Vitamin D deficiency
Vitamin D deficiency is very common in Australian women - approximately 30% of women have a low vitamin D level if tested in early pregnancy. The cause is not completely clear but is probably partly due to reduced sun exposure - most people stay out of direct sun and use sun screen when they are exposed (which prevents vitamin D production in the skin). Vitamin D deficiency in mothers can easily and safely be treated with a vitamin D supplement such as Ostelin.
When a mother is found to be deficient in vitamin D during pregnancy, her newborn baby requires vitamin D supplements for the first six months of life if breast-fed. Even if a mother takes vitamin D supplements, and her blood vitamin D level returns to normal, the supplements don't cross the placenta and the baby will have a low vitamin D level. Vitamin D supplements for the baby are very safe; they are only required if a baby is breast-fed (or mainly breast-fed) as there is very little vitamin D in breast-milk but lots in artificial formula. The supplements are important as normal blood levels of vitamin D are required to keep the blood level of calcium normal - a normal calcium level is required for healthy bone development.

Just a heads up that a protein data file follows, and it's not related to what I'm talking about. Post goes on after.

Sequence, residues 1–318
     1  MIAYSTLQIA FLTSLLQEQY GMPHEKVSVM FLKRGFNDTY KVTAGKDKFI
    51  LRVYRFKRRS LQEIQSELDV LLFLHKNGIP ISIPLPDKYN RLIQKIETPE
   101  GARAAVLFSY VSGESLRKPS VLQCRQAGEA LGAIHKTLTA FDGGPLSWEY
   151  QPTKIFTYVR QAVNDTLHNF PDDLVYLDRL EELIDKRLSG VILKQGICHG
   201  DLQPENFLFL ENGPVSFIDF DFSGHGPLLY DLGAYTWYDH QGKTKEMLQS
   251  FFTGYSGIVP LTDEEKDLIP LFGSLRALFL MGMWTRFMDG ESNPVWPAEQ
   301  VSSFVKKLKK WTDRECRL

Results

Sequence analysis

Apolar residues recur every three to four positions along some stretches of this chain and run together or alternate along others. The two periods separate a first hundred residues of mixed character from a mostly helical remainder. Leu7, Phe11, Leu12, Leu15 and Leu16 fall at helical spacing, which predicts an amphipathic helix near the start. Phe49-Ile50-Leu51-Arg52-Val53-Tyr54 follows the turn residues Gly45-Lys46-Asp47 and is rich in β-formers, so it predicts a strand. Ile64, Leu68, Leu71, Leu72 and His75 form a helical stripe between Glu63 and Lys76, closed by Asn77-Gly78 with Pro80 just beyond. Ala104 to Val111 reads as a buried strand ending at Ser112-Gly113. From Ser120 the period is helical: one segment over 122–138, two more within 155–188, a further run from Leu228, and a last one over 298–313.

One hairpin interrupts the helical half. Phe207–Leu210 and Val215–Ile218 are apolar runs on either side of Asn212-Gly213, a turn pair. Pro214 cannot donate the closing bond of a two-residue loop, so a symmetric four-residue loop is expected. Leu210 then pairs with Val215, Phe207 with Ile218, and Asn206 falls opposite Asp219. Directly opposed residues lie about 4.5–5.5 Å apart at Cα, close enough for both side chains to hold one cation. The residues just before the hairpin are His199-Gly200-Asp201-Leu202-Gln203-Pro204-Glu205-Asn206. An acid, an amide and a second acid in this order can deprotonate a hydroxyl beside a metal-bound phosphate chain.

Occasionally, there are signs in a baby that their mother's vitamin D level has been low. The commonest is softening of the skull bones which is referred to as craniotabes. If this sign is present in your baby, no extra treatment except the vitamin D supplement is required.
There are four vitamin D supplements that are suitable for babies; all are available across the counter in a pharmacy (a prescription is not required). They are listed below:
Vitamin D Liquid Kids
200 iu in 0.5 mL
20 mL bottle with dispenser (strawberry)
Children’s Oral Drops
200 iu in 0.04 mL
2 drops (0.08 mL)
15 mL bottle with dispenser (butterscotch)
1000 iu in 0.2 mL
30 + 20 mL bottle with dropper (caramel)
400 iu in 0.45ml
30 mL bottle with dispenser (pineapple)
The supplement for the baby does not need to be started immediately after birth; we usually recommend that it be started once feeding has been fully established in the second week of life. Vitamin D levels are no longer measured in newborn babies so a blood test is not required.